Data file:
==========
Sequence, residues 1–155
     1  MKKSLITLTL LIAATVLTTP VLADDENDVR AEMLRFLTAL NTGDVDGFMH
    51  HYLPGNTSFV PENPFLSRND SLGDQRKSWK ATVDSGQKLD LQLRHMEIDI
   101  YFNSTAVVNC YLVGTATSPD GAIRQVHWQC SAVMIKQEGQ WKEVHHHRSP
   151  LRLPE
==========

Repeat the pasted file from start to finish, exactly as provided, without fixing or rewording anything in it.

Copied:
Sequence, residues 1–155
     1  MKKSLITLTL LIAATVLTTP VLADDENDVR AEMLRFLTAL NTGDVDGFMH
    51  HYLPGNTSFV PENPFLSRND SLGDQRKSWK ATVDSGQKLD LQLRHMEIDI
   101  YFNSTAVVNC YLVGTATSPD GAIRQVHWQC SAVMIKQEGQ WKEVHHHRSP
   151  LRLPE